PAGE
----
RAID5 is good in that it provides you one disk worth of redundancy, you can lose one disk and still maintain all your data.
The issue comes when a drive dies and you need to rebuild the array. Upon replacing the dead disk the controller will start to copy over data and parity information from the remaining healthy drives. What this does though is put a tremendous load on the remaining drives, increasing the risk of one of them failing. If another one fails during the rebuild, your data is gone.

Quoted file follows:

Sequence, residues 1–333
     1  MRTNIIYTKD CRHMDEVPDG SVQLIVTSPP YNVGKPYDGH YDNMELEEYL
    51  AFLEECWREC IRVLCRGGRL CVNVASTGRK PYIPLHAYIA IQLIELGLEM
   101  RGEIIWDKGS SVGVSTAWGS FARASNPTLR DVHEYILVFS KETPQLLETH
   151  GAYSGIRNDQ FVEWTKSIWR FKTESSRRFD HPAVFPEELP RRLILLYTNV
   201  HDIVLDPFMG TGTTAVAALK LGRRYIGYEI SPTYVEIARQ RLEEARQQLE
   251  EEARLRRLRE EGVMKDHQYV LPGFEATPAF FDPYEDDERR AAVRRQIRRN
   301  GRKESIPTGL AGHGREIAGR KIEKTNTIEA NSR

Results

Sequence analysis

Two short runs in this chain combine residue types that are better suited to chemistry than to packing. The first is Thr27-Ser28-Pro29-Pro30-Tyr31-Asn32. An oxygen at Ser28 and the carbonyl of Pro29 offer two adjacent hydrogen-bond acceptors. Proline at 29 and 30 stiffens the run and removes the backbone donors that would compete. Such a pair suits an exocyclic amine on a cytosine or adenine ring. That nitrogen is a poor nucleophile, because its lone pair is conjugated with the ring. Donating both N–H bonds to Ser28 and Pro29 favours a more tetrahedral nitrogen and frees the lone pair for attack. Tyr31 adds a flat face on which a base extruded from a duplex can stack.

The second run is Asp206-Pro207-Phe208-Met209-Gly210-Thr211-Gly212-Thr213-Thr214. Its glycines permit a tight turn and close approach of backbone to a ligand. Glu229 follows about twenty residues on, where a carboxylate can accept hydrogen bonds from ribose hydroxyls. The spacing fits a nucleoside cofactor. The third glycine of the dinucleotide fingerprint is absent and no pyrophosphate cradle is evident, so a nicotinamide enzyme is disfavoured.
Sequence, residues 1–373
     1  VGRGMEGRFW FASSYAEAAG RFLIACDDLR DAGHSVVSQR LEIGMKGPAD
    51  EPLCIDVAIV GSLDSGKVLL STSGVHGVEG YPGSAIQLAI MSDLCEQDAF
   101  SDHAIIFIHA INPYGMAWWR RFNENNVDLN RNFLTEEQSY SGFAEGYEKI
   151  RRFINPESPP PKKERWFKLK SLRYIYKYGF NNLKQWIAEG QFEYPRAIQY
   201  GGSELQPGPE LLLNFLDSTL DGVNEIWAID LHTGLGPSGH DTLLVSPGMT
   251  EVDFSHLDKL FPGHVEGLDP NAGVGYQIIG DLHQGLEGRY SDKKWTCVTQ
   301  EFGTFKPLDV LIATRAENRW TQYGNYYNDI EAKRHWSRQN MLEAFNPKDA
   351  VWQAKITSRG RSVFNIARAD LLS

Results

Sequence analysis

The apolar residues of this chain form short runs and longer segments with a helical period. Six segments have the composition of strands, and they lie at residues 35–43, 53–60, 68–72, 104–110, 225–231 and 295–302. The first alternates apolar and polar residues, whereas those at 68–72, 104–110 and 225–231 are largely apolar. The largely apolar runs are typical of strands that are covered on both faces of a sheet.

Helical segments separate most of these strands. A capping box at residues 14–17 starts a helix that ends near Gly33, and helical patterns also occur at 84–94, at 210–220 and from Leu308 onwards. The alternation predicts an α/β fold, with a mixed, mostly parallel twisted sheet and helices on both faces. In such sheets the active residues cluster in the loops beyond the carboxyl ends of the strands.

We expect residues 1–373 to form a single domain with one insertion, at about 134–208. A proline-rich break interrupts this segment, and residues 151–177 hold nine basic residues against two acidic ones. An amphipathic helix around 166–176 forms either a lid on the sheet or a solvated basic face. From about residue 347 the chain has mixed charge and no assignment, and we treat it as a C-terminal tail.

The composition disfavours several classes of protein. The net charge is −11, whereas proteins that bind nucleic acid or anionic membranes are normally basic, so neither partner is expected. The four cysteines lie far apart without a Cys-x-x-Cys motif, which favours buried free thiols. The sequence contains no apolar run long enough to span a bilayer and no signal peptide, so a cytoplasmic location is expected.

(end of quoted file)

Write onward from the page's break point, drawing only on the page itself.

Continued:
RAID5 was perfectly viable when hard drives were <500GB in size because the rebuild would be fairly quick so the chance of losing another disk would be lower. Now we're looking at 3TB, 4TB or even a lot higher the chance of losing your data is pretty likely. Large arrays can literally take days to rebuild while putting the disks under a large load.
In a 4-way RAID I would recommend RAID10 or RAID5. Pick 5 if the data isn't that important OR if you have a reliable backup, pick RAID10 if you value your data more. Another benefit of RAID10 is there are no parity calculations so a RAID controller isn't needed, you can do it in software and read/write speeds will be really good.